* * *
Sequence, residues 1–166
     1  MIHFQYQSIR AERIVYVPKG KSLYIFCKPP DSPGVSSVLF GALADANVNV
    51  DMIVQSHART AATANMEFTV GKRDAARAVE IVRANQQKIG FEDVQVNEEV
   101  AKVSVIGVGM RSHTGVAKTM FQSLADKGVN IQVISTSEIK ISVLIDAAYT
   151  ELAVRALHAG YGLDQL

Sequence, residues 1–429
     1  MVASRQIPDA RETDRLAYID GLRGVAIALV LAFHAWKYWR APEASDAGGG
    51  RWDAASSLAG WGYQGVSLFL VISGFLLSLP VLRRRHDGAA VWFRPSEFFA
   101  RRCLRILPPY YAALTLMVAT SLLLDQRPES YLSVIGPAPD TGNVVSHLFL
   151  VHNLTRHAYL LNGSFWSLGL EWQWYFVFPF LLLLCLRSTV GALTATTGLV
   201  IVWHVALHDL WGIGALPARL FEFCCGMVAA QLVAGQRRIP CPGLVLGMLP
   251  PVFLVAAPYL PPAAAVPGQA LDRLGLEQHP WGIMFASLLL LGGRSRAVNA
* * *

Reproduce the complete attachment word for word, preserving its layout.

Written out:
Sequence, residues 1–166
     1  MIHFQYQSIR AERIVYVPKG KSLYIFCKPP DSPGVSSVLF GALADANVNV
    51  DMIVQSHART AATANMEFTV GKRDAARAVE IVRANQQKIG FEDVQVNEEV
   101  AKVSVIGVGM RSHTGVAKTM FQSLADKGVN IQVISTSEIK ISVLIDAAYT
   151  ELAVRALHAG YGLDQL

Sequence, residues 1–429
     1  MVASRQIPDA RETDRLAYID GLRGVAIALV LAFHAWKYWR APEASDAGGG
    51  RWDAASSLAG WGYQGVSLFL VISGFLLSLP VLRRRHDGAA VWFRPSEFFA
   101  RRCLRILPPY YAALTLMVAT SLLLDQRPES YLSVIGPAPD TGNVVSHLFL
   151  VHNLTRHAYL LNGSFWSLGL EWQWYFVFPF LLLLCLRSTV GALTATTGLV
   201  IVWHVALHDL WGIGALPARL FEFCCGMVAA QLVAGQRRIP CPGLVLGMLP
   251  PVFLVAAPYL PPAAAVPGQA LDRLGLEQHP WGIMFASLLL LGGRSRAVNA